The functional neuroanatomy of helplessness vulnerability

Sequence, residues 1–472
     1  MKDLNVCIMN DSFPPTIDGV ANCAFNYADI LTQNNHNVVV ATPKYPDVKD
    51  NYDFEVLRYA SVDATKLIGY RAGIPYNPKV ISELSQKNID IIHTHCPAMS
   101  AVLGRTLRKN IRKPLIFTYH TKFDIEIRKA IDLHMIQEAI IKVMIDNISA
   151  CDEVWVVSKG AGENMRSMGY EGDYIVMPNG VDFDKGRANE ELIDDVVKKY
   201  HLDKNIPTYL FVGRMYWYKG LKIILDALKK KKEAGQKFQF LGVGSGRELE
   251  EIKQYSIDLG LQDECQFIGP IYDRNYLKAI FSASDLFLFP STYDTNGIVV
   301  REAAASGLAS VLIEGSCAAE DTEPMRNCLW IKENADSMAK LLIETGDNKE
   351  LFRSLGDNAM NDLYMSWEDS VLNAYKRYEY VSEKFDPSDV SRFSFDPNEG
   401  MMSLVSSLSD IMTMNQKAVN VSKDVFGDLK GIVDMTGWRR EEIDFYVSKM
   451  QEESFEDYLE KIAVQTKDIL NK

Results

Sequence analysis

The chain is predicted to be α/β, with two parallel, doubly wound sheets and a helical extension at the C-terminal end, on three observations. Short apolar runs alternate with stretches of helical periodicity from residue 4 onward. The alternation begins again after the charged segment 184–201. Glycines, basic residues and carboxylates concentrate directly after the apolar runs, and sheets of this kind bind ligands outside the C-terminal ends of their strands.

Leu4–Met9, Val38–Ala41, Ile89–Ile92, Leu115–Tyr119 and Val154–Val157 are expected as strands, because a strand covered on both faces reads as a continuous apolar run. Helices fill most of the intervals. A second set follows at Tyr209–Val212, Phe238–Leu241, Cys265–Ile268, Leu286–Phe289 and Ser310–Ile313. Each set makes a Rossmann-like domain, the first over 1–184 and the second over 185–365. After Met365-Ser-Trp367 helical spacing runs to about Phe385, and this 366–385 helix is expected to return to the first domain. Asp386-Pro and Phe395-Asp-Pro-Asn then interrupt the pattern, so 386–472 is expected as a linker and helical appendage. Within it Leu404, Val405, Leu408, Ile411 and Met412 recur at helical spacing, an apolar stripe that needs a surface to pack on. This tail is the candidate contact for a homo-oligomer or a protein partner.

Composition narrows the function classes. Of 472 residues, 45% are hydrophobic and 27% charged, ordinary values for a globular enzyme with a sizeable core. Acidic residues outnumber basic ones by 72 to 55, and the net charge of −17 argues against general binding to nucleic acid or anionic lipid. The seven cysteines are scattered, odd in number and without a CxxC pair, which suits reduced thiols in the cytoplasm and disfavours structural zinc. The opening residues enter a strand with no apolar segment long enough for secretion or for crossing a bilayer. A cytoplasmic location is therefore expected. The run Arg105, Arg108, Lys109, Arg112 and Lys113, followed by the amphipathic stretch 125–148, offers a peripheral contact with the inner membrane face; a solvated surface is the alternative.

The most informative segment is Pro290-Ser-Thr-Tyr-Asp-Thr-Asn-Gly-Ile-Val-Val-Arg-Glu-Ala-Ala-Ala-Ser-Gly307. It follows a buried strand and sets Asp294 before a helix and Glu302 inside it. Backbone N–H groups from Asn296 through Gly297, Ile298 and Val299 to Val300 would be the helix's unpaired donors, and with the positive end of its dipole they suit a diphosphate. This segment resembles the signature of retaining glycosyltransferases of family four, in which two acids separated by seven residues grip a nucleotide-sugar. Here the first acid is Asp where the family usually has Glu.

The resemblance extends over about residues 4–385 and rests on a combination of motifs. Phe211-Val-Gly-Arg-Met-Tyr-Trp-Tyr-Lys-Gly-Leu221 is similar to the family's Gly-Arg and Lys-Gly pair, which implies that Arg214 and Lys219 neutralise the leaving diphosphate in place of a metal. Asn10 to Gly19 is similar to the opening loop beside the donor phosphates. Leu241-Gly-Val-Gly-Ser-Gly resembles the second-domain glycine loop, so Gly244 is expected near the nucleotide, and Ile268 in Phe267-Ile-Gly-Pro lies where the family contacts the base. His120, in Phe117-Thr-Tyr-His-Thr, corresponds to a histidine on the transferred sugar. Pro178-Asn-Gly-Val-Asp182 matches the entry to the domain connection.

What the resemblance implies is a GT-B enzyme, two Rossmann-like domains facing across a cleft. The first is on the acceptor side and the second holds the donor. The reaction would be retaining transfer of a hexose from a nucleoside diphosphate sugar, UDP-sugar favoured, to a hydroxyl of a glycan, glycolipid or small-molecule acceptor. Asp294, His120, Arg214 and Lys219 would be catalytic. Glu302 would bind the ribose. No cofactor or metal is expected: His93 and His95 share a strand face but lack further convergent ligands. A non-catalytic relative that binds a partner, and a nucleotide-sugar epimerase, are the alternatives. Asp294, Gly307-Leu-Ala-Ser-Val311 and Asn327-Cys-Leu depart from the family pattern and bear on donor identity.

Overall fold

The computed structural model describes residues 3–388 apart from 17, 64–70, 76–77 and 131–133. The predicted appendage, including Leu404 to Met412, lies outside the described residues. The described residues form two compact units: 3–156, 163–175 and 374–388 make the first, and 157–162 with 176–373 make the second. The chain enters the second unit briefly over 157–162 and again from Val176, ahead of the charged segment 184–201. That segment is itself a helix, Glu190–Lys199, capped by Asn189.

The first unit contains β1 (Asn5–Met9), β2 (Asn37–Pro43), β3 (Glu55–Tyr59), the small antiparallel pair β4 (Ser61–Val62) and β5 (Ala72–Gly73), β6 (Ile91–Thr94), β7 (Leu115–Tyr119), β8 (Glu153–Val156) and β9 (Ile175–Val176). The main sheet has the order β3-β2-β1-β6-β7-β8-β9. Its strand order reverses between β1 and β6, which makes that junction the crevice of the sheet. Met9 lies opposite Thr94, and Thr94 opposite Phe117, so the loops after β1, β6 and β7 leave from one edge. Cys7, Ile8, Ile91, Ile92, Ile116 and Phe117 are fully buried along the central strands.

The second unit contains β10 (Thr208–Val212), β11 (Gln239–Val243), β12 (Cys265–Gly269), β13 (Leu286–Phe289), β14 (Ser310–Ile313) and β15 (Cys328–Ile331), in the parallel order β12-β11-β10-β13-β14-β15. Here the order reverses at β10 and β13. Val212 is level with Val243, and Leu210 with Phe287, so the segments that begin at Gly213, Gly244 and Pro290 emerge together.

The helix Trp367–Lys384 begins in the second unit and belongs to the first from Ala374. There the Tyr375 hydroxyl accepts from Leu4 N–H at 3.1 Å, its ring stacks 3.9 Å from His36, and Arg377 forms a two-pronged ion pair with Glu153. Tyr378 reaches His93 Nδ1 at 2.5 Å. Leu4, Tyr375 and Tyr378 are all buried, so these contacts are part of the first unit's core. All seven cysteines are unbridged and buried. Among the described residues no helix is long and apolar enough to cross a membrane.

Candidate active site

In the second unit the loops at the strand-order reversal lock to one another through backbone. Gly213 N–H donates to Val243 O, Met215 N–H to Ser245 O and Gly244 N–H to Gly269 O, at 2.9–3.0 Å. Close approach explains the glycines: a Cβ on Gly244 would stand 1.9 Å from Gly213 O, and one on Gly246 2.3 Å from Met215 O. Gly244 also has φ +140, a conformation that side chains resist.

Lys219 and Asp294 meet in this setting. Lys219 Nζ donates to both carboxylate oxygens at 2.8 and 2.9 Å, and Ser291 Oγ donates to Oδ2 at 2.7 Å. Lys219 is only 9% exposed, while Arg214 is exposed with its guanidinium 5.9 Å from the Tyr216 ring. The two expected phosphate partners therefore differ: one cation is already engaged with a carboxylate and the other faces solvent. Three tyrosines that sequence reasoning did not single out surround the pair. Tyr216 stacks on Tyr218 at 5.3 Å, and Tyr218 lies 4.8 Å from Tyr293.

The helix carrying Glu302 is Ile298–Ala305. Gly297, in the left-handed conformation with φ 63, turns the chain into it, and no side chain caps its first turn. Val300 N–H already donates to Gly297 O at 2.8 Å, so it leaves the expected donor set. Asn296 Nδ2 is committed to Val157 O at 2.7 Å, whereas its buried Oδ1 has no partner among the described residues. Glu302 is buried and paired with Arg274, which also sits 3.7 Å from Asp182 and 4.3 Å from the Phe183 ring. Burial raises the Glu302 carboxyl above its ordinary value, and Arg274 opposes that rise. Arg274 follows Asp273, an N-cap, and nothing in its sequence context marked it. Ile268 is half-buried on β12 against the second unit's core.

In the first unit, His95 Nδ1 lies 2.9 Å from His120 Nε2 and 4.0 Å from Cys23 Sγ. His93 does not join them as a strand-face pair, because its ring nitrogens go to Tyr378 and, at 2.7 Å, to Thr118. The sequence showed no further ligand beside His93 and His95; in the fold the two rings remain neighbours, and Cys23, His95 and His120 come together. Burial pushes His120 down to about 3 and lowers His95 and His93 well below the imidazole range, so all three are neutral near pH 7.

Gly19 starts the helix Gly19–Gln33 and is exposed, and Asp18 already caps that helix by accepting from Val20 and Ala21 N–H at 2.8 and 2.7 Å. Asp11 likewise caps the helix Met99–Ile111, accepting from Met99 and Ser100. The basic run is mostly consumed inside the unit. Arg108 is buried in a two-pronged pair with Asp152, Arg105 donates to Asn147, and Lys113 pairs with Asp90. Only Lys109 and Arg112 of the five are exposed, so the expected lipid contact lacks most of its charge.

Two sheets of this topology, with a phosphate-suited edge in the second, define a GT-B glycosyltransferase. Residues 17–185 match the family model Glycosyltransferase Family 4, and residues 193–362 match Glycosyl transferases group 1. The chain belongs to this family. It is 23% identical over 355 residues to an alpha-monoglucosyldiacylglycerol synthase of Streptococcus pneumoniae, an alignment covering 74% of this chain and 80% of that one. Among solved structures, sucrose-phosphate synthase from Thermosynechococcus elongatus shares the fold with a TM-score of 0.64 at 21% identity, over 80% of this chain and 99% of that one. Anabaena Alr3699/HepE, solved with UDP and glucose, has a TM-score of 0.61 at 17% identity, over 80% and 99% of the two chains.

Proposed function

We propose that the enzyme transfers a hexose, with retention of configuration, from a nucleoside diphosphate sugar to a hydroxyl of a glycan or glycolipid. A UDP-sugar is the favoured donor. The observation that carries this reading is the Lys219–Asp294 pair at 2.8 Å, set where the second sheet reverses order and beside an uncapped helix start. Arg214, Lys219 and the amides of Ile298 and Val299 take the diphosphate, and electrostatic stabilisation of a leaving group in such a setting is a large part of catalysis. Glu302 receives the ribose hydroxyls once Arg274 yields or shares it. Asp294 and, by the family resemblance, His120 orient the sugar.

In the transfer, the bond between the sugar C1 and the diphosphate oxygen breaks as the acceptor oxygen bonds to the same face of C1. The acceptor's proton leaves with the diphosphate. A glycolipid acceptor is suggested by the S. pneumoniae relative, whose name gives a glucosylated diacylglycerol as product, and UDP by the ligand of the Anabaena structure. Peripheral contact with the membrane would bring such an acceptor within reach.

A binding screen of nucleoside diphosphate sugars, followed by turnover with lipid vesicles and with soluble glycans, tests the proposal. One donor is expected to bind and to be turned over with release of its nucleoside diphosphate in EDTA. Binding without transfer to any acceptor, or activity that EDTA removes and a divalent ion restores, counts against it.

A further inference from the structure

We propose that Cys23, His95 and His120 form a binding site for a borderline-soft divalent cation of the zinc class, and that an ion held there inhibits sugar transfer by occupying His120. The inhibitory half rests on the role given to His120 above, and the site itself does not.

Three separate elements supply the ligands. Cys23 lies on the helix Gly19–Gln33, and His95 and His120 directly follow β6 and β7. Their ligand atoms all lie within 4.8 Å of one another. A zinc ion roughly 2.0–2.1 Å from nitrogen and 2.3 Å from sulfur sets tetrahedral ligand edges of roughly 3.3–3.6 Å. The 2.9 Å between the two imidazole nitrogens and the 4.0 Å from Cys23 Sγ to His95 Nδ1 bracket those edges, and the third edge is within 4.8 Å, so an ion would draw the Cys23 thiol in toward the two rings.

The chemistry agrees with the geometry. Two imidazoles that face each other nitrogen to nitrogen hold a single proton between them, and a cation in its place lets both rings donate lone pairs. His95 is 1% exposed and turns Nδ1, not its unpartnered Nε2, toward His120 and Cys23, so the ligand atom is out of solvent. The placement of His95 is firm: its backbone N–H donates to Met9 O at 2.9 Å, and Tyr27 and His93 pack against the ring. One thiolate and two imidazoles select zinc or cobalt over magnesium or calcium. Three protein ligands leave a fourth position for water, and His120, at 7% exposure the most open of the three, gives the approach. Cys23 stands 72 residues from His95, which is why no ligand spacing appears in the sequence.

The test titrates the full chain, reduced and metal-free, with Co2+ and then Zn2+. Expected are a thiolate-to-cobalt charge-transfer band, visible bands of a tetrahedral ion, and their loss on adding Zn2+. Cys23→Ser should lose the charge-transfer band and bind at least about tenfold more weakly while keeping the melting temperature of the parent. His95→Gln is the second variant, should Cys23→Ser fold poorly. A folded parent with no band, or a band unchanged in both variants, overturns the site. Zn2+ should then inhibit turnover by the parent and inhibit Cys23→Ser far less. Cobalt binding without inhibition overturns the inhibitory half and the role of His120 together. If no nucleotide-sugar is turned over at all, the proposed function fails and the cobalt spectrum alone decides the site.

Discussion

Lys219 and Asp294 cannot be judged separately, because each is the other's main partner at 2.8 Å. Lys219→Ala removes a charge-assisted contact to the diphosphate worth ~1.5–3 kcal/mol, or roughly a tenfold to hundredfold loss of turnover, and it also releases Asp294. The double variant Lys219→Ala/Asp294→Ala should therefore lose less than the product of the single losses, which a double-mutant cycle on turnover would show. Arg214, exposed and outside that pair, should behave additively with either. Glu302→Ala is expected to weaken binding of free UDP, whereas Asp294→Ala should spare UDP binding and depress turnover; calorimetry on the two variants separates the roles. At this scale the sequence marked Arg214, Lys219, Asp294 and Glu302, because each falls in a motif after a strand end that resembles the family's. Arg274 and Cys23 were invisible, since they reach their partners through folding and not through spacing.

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This dissertation had three specific aims: 1) to behaviorally characterize the congenital helplessness rat model of vulnerability to depression and post-traumatic stress disorder (PTSD); 2) to metabolically map the brains of naïve congenitally helpless adults and newborns; and 3) to map the effects of the antidepressant fluoxetine on the brains of these rats. Congenitally helpless rats, selectively bred for vulnerability to learned helplessness, were assessed on tests of exploratory activity, anxiety, circadian activity, and interest in reward; they showed increased exploration and reduced anxiety in novel environments, but also insomnia and reduced sucrose preference. This pattern of results is discussed as resembling the temperamental profile of individuals with PTSD. The brains of rats from the congenitally helpless strain were metabolically mapped with quantitative cytochrome oxidase histochemistry. Adults showed widespread metabolic abnormalities in several brain regions, but these abnormalities were bidirectional and whole-brain metabolism was not altered; the paraventricular hypothalamic nucleus (PVH), habenula, ventral hippocampus, interpeduncular nucleus, and infralimbic cortex showed increases, and the dorsomedial prefrontal cortex, basal ganglia, septal nuclei, amygdala, and ventral tegmental area (VTA) showed decreases. In contrast, newborns showed a global reduction in brain metabolism, but the largest decreases were seen in the two regions showing the largest increases in the adult: the PVH and habenula. Newborns also showed a marked reduction in interregional functional coupling, particularly between forebrain and brainstem regions. Fluoxetine produced anti-depressant effects in the adult brain, increasing VTA metabolism and decreasing habenula metabolism. Thus, the only common region affected in adults and newborns and by fluoxetine treatment was the habenula. Functional relationships among the implicated brain systems were considered in light of the literature on depression and PTSD. It is suggested that the hypometabolism and absence of functional connectivity observed in the newborn may reflect reduced ability of forebrain regions to regulate the response of brainstem regions to stress. Consequently, the PVH may become hyperactive in the adult, and other regions may follow suit in an unsuccessful attempt to constrain its activity. The habenula is discussed as a possible nexus through which antidepressants may influence stress-responsive networks.